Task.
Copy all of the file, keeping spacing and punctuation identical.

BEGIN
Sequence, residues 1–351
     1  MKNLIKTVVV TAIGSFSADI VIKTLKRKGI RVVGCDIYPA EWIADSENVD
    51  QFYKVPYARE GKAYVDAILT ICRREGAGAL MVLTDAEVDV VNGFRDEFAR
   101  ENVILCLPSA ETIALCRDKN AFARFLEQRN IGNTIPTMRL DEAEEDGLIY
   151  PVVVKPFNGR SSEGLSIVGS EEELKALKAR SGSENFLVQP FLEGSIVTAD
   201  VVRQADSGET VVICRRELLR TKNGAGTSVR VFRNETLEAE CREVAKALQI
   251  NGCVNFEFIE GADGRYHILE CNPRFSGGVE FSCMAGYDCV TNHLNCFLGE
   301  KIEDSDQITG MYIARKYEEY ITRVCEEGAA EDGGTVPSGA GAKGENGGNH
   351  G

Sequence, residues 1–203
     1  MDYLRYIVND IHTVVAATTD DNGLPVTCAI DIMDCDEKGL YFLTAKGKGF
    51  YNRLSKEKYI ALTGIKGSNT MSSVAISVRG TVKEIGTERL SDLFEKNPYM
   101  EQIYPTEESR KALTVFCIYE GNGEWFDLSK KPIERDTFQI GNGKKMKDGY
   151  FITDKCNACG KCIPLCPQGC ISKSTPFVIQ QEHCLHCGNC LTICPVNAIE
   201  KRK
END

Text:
Sequence, residues 1–351
     1  MKNLIKTVVV TAIGSFSADI VIKTLKRKGI RVVGCDIYPA EWIADSENVD
    51  QFYKVPYARE GKAYVDAILT ICRREGAGAL MVLTDAEVDV VNGFRDEFAR
   101  ENVILCLPSA ETIALCRDKN AFARFLEQRN IGNTIPTMRL DEAEEDGLIY
   151  PVVVKPFNGR SSEGLSIVGS EEELKALKAR SGSENFLVQP FLEGSIVTAD
   201  VVRQADSGET VVICRRELLR TKNGAGTSVR VFRNETLEAE CREVAKALQI
   251  NGCVNFEFIE GADGRYHILE CNPRFSGGVE FSCMAGYDCV TNHLNCFLGE
   301  KIEDSDQITG MYIARKYEEY ITRVCEEGAA EDGGTVPSGA GAKGENGGNH
   351  G

Sequence, residues 1–203
     1  MDYLRYIVND IHTVVAATTD DNGLPVTCAI DIMDCDEKGL YFLTAKGKGF
    51  YNRLSKEKYI ALTGIKGSNT MSSVAISVRG TVKEIGTERL SDLFEKNPYM
   101  EQIYPTEESR KALTVFCIYE GNGEWFDLSK KPIERDTFQI GNGKKMKDGY
   151  FITDKCNACG KCIPLCPQGC ISKSTPFVIQ QEHCLHCGNC LTICPVNAIE
   201  KRK